Basal Ganglia Dysmorphism in Patients With Aicardi Syndrome

Silvia Masnada, Anna Pichiecchio, Manuela Formica, Filippo Arrigoni, Paola Borrelli, Patrizia Accorsi, Paolo Bonanni, Renato Borgatti, Bernardo Dalla Bernardina, Alberto Danieli, Francesca Darra, Nicolas Deconinck, Valentina De Giorgis, Olivier Dulac, Svetlana Gataullina, Lucio Giordano, Renzo Guerrini, Francesca La Briola, Massimo Mastrangelo, Martino MontomoliMarzia Mortilla, Elisa Osanni, Pasquale Parisi, Emilio Perucca, Lorenzo Pinelli, Romina Romaniello, Mariasavina Severino, Federico Vigevano, Aglaia Vignoli, Nadia Bahi-Buisson, Mara Cavallin, Andrea Accogli, Marie Burgeois, Valeria Capra, Virgine Chaves-Vischer, Luisa Chiapparini, GiovannaStefania Colafati, Stefano D'Arrigo, Isabelle Desguerre, Martine Doco-Fenzy, Giuseppe D'Orsi, Nino Epitashvili, Elisa Fazzi, Alessandro Ferretti, Elena Fiorini, Melanie Fradin, Carlo Fusco, Tiziana Granata, Katrine Marie Johannesen, Sebastien Lebon, Philippe Loget, Rikke Steensjerre Moller, Domenico Montanaro, Simona Orcesi, Chloe Quelin, Erika Rebessi, Antonino Romeo, Roberta Solazzi, Carlotta Spagnoli, Christian Uebler, Federico Zara, Alexis Arzimanoglou, Pierangelo Veggiotti, Aicardi Syndrome Int Study Grp

Research output: Contribution to journalJournal articleResearchpeer-review


Objective Aiming to detect associations between neuroradiologic and EEG evaluations and long-term clinical outcome in order to detect possible prognostic factors, a detailed clinical and neuroimaging characterization of 67 cases of Aicardi syndrome (AIC), collected through a multicenter collaboration, was performed.

Methods Only patients who satisfied Sutton diagnostic criteria were included. Clinical outcome was assessed using gross motor function, manual ability, and eating and drinking ability classification systems. Brain imaging studies and statistical analysis were reviewed.

Results Patients presented early-onset epilepsy, which evolved into drug-resistant seizures. AIC has a variable clinical course, leading to permanent disability in most cases; nevertheless, some cases presented residual motor abilities. Chorioretinal lacunae were present in 86.56% of our patients. Statistical analysis revealed correlations between MRI, EEG at onset, and clinical outcome. On brain imaging, 100% of the patients displayed corpus callosum malformations, 98% cortical dysplasia and nodular heterotopias, and 96.36% intracranial cysts (with similar rates of 2b and 2d). As well as demonstrating that posterior fossa abnormalities (found in 63.63% of cases) should also be considered a common feature in AIC, our study highlighted the presence (in 76.36%) of basal ganglia dysmorphisms (never previously reported).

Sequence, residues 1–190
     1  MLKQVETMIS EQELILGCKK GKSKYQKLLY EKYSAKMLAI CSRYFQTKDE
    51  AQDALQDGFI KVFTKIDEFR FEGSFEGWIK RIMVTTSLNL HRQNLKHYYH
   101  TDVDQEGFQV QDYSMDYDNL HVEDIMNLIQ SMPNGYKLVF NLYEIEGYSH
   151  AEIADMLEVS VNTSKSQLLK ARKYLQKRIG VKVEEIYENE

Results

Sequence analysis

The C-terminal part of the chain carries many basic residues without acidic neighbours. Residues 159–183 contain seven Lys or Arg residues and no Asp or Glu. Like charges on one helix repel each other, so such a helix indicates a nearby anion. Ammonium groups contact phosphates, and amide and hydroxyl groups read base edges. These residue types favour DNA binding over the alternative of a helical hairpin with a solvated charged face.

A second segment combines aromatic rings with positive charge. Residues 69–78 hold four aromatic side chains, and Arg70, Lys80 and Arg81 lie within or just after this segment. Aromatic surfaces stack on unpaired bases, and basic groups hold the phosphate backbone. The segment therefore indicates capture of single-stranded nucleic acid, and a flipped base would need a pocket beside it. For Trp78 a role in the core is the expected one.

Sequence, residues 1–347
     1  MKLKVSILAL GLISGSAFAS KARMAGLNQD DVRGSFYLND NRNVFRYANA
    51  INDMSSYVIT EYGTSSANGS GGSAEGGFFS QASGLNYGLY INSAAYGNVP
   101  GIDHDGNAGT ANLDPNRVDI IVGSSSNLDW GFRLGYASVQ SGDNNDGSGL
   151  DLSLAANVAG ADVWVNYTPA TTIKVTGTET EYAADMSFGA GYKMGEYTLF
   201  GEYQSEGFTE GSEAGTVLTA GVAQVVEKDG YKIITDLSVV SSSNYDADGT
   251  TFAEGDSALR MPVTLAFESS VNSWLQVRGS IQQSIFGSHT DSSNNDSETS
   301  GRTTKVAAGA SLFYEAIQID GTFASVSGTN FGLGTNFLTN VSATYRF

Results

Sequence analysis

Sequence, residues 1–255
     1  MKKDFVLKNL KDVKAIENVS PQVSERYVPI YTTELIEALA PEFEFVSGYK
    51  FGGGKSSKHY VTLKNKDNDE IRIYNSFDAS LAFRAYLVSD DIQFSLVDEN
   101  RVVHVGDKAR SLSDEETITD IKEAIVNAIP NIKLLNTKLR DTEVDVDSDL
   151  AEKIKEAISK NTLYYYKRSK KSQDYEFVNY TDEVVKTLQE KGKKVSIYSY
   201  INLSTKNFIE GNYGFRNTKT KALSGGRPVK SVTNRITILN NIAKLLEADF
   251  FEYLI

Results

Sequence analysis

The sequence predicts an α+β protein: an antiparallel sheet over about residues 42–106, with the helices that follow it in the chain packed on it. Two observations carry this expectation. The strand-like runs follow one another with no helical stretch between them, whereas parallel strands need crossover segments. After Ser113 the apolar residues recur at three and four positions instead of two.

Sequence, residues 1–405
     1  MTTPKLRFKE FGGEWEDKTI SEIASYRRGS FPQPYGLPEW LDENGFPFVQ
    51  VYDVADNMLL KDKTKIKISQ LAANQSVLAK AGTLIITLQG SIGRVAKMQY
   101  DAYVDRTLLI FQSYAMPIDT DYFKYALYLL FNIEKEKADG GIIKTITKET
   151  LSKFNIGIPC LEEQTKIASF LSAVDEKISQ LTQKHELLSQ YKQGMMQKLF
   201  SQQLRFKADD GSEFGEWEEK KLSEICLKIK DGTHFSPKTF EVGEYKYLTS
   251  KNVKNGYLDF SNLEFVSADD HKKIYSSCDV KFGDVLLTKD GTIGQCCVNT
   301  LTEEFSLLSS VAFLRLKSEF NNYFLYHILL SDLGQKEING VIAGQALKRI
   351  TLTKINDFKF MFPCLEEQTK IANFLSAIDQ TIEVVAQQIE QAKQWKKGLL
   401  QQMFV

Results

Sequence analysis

Conclusion The AIC neuroradiologic phenotype consists of a complex brain malformation whose presence should be considered central to the diagnosis. Basal ganglia dysmorphisms are frequently associated. Our work underlines the importance of MRI and EEG, both for correct diagnosis and as a factor for predicting long-term outcome.

Classification of Evidence This study provides Class II evidence that for patients with AIC, specific MRI abnormalities and EEG at onset are associated with clinical outcomes.
Original languageEnglish
Issue number9
Pages (from-to)e1319-e1333
Publication statusPublished - 2. Mar 2021


  • Adolescent
  • Adult
  • Aicardi Syndrome/diagnostic imaging
  • Basal Ganglia/abnormalities
  • Brain/abnormalities
  • Child
  • Child, Preschool
  • Drinking
  • Drug Resistant Epilepsy/diagnostic imaging
  • Eating
  • Electroencephalography
  • Female
  • Humans
  • Infant
  • Magnetic Resonance Imaging
  • Motor Skills
  • Retina/diagnostic imaging
  • Retrospective Studies
  • Seizures/diagnostic imaging
  • Treatment Outcome
  • Young Adult


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